Public Health Says They’re Ready to Scale Up on COVID Shots, Just Need More Doses

Like how the Victoria Road Recreation Centre was once the location of the local COVID-19 assessment centre, the West End Community Centre is now a mass vaccination site. On Tuesday, Wellington-Dufferin-Guelph Public Health opened the doors to their newest vaccine clinic set up in one of the two ice rinks at the rec facility on Imperial Road, part of their plan to make it easier to give out an increased number of jabs as more vaccine becomes available.

“For a few hundred doses a day, the public health office is more than sufficient, but when we’re talking about real mass vaccinations, as those supplies really start to open up, you can see there’s real scalability here we just don’t have at our office,” said public health spokesperson Danny Williamson. “As the supply begins to roll in, we can start to open up bookings, and ultimately between 10,000 and 14,000 doses is the kind of capacity that we can scale up to.”

Until Tuesday, Public Health had been giving out shots to Guelphites at their Chancellors Way office since the first doses of the vaccine arrived in town on January 6. Now, there are four different locations in handing out vaccines in Guelph, in addition to the doses of the AstraZeneca vaccine being given out in the Primary Care Pilot through local family doctors.

“Supplies are limited right now, so we’re getting between three and 5,000 doses a week. From a pure capacity standpoint, we could deliver that almost exclusively at Chancellors Way so there is tons of capacity here,” added director of health  protection Christopher Beveridge.

The clinic is set up in one of the two ice rink in the northern end of the West End Community Centre. Patients are directed to park in the rear lot and enter the centre at the rear doors, and walk down to registration tables outside the rink. After that, patients head into the rink where they get their shot and then move to the other end to a waiting area where they can sit for 15 minutes, and see if they experience any adverse reactions.

“That’s the beauty of these municipal facilities, there are two ice pads that can be scaled up so that this side can be completely filled with vaccinators, and then this side, when the ices comes out, can be filled with people who are recovering,” Beveridge continued.

There’s also a private space for people to lay down if they experience a more extreme reaction. It’s worth noting that the World Health Organization reports that the most common reaction to the four approved COVID-19 vaccines is a fever or chills, muscle pain, headache, and pain at the injection site. WDG Public Health said that they’ve yet to see a very serious reaction to a vaccine at any of their clinics.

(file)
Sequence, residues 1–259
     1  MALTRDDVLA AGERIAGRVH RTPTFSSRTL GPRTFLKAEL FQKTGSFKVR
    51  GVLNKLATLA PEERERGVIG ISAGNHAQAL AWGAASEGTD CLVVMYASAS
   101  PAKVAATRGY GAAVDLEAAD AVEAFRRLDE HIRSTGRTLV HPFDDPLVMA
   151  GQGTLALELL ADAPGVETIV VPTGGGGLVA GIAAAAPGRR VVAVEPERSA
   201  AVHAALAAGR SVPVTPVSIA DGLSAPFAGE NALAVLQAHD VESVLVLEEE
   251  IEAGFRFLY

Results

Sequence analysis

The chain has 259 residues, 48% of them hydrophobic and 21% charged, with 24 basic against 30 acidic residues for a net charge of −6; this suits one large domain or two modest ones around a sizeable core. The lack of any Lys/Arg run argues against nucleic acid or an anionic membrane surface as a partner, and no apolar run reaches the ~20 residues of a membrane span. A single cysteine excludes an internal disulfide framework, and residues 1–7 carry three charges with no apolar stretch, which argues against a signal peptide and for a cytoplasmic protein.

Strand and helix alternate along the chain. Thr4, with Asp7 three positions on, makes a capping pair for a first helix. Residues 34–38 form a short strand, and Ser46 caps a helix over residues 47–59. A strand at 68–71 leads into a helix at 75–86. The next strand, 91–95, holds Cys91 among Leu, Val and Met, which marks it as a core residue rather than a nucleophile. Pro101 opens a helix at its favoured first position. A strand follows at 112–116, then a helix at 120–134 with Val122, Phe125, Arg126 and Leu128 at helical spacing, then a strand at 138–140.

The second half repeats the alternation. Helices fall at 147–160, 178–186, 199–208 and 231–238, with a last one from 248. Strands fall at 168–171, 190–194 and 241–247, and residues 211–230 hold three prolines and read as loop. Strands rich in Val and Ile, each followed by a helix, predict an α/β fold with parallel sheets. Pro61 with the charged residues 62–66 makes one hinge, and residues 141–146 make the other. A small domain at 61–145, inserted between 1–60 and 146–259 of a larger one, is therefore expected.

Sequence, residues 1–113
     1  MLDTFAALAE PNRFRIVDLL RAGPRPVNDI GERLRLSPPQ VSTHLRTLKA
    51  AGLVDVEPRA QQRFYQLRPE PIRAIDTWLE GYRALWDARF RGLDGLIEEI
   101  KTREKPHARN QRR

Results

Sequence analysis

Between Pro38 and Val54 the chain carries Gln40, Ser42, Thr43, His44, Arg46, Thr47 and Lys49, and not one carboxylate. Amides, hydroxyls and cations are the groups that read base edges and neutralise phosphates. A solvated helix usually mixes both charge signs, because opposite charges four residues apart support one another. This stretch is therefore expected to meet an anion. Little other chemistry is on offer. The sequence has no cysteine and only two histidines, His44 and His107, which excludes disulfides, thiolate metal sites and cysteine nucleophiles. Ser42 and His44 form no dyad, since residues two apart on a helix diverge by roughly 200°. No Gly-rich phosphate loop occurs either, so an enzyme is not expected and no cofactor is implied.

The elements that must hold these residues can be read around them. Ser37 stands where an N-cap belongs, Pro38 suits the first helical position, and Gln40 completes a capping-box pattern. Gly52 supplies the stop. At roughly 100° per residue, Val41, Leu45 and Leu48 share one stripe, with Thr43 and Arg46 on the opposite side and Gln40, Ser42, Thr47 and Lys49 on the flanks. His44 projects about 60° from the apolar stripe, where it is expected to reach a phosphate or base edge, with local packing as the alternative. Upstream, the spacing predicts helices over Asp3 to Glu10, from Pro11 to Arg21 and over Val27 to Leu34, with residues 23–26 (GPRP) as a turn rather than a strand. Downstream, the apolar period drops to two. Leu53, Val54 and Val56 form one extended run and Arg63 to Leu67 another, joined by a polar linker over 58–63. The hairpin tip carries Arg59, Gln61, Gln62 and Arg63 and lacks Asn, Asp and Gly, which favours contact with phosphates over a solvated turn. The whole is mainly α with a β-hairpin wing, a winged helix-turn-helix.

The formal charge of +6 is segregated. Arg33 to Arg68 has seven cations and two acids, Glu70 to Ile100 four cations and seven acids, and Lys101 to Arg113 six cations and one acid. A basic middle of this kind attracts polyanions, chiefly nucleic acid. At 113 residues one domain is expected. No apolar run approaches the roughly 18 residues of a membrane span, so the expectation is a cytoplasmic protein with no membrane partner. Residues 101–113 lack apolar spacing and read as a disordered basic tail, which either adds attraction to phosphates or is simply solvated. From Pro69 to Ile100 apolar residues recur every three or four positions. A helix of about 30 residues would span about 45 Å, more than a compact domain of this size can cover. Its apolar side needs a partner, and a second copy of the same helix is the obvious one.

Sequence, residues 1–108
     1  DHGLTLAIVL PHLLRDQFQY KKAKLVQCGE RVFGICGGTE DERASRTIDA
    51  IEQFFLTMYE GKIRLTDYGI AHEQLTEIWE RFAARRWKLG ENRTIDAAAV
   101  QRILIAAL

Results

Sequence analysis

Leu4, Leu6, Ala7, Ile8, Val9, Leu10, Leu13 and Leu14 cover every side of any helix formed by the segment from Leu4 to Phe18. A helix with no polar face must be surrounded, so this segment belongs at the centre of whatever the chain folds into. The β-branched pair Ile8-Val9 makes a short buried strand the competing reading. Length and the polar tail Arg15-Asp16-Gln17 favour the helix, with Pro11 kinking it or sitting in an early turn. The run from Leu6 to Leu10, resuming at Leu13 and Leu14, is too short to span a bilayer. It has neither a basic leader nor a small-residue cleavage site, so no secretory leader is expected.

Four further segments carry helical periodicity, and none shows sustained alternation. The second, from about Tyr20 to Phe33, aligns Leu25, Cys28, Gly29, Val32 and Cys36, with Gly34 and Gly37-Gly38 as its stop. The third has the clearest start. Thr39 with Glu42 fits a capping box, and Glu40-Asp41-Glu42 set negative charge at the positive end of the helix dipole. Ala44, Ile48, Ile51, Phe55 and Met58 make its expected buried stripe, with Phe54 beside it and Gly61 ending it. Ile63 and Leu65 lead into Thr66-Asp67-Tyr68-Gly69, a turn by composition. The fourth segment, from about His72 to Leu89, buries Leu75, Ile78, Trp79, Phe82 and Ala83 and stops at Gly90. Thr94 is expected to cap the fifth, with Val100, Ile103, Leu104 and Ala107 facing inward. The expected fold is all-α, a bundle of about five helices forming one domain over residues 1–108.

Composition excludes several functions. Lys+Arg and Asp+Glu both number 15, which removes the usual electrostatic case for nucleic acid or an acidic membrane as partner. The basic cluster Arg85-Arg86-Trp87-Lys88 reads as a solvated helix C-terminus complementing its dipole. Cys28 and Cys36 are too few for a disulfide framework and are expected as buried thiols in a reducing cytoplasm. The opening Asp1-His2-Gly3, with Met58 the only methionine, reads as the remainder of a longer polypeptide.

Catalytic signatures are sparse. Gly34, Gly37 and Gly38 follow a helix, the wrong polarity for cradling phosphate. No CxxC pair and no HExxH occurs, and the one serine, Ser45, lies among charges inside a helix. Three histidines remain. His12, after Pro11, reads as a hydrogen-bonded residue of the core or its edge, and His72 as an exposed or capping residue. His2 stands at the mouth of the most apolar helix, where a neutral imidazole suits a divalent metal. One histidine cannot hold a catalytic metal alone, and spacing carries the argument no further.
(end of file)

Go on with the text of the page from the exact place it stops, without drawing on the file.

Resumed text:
“In our region we have nothing to speak of as far as adverse reactions,” Williamson said. “When you have a mass vaccination clinic, and when you’re talking about hundreds of millions of vaccines, you are going to have a small portion of adverse reactions, but by and large, all four of these vaccines have been very safe so far.”

While the Guelph Family Health Team manages at the University of Guelph and the Skyjack facility on Woodlawn Road, Public Health will manage the new clinic and will continue to give out shots at the Public Health office on Chancellors Way. The main clinic for Guelph though will be the West End Community Centre, but Williamson explained that when it’s your turn to get the shot, use the location that’s most convenient for you.

“If you can make the drive to Orangeville or to Fergus, make your appointment at the most convenient place,” Williamson said.

Public Health is also working on other potential measures to make rolling out the vaccine easier.

“We haven’t figured out the process yet, but we’re hoping at some point people can use mobility transit to come here, leave the bus, be vaccinated on site and then just go back on mobility to make things easy for them,” explained clinical consultant Camille Loucks.

The rec centre clinic is staffed by nurses who have been trained on the protocols for all four of the approved vaccines, though the clinic will be handling shots of the Pfizer and Moderna vaccines for the foreseeable future. A variety of people, including students, also work on site as office and support workers, plus security.

People in Wellington, Dufferin and Guelph who are eligible for a COVID-19 vaccine are still encouraged to use this region’s public health registration system, and not the newly established provincial system. “We’ll keep an eye on the provincial system, and at some point that switch may happen,” Williamson said. “The reason we would switch is because both at the provincial level and the local level, it would make more sense in order to get vaccines in arms faster.”

The clinic at the West End Community Centre is operating by appointment only with hours dependent on the availability of vaccine supply.

According to Public Health’s vaccine dashboard, just over 28,000 vaccine doses have been delivered in the region, while 21,405 have received a full course of vaccination. So far, 8.4 per cent of people in Wellington, Dufferin, and Guelph have been completely vaccinated, including 96 per cent of long-term care residents, and 65 per cent of long-term care staff.

“We’re here to do whatever we can to help with the logistics and get vaccinations in arms,” said Mayor Cam Guthrie, who was also on hand for the media availability. “That’s our role, it’s been our stated goal right from the beginning of the partnership, and we’re going to see it through to the end.”

“We are grateful to the City of Guelph, the Mayor and Council, and all the staff who have played a role in making this clinic a reality,” Medical Officer of Health Dr. Nicola Mercer said in a statement. “The City has been an incredible local partner in the fight against COVID-19.”

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